Garden of Dreams - Pt 1
The Garden of Dreams, Kathmandu – Part One
We took a slow bimble to the Garden of Dreams, not too far from our digs. In through a gated entrance, up a few steps passing a water feature to pay our one pound thirty (each) fee. To our right was a little seating area and already we felt as if we left the chaos and noise of the city far behind.
After showing our tickets to the attendant, we moved forward and to our surprise saw a huge space. To our left a massive tiered area surrounded by colonial buildings. To our right a formal garden set around a large pool.
A pillar set in a recess gave wonderful advice:- we must cultivate our gardens.
We followed the path to the right of the garden and found some old favourites, (including Dickensonia Antarctica in the background).
Of course the trigger finger flexed at the upturned trunk and then he found a gateway.
Passing the large pool we stopped to take in one of the twin fountains and a lily or two.
We went upstairs, a better way to view the formal garden at the far end to our left.
To our right.
Behind us, a chipmunk serious about taking in the rays.
Below the chipmunk was the nursery.
From the Garden of Dreams website: The Garden of Dreams, a neo classical historical garden, is situated in the midst of Kathmandu city, Nepal. The Garden was famous as the garden of Six Seasons which was created by late Field Marshal Kaiser Sumsher Rana (1892-1964) in early 1920. After the completion of this Garden, it was considered as one of the most sophisticated private gardens of that time. However, it was a private garden of Kaiser Sumsher, it was beautifully designed inspired by the famous Edwardian style. Kishore Narshingh, a prominent architect who designed and constructed Singha Durbar in 1907, designed and supervised the construction of the Garden of Dreams. Within the Garden walls, Kaiser Sumsher created an exquisite ensemble of pavilions, fountains, decorative garden furniture and European inspired features such as verandas, pergolas, balustrades, urns and birdhouses. He erected six impressive pavilions, each dedicated to one of the six seasons of Nepal. These pavilions provided the Garden's architectural framework and lent a cosmopolitan flavour to the formal arrangement of flowers, shrubs and trees. Today, only half of the original garden is in existence.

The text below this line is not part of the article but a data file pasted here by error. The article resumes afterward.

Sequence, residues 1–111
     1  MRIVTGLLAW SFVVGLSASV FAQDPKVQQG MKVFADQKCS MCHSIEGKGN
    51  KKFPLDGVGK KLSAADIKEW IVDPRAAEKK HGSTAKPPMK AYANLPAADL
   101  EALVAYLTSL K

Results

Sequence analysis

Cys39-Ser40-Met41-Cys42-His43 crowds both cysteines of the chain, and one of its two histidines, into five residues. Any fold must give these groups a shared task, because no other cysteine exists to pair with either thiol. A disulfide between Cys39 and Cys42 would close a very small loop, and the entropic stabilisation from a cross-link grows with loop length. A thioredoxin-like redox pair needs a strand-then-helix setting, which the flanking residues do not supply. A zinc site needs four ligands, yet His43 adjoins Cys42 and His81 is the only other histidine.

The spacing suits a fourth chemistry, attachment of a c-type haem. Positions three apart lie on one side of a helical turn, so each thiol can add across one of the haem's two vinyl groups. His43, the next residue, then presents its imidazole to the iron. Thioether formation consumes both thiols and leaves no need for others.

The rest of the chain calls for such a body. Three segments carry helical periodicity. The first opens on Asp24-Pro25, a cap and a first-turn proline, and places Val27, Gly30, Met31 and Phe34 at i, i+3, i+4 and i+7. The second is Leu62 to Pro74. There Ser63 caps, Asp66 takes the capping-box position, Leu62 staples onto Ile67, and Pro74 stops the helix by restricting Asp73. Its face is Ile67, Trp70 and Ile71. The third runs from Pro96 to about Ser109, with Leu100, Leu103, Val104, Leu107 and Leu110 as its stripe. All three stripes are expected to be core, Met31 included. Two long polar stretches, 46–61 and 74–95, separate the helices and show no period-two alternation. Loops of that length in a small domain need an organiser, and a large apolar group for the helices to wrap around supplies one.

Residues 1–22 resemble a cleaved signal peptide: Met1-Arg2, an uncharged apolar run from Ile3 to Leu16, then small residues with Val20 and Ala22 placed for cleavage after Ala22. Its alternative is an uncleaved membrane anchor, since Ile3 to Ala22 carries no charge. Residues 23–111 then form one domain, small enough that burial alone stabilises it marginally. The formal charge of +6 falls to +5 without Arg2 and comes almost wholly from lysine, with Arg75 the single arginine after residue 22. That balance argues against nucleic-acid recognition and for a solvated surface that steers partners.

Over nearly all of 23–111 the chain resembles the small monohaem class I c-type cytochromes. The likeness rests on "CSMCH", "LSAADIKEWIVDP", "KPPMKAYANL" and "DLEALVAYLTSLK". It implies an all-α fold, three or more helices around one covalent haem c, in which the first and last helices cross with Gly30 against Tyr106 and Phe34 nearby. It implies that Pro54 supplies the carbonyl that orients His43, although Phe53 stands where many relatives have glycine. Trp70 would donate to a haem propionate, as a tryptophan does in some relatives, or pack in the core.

After the demise of Kaiser Sumsher,
the garden was handed over to the Government of Nepal. However, it was not
properly managed for decades. Seven years of extensive renovation (2000 –
2007) has revived the garden as per the original concept with added modern
facilities. It has now become an oasis of peace and tranquillity in the urban
bustle of Kathmandu city. The size of the Garden is 6,895 sq. meter including
three pavilions, amphitheatre, central ponds, pergolas, urns and combination of
small gardens to larger ones.
Over the wall it was pleasing to see more restoration in progress.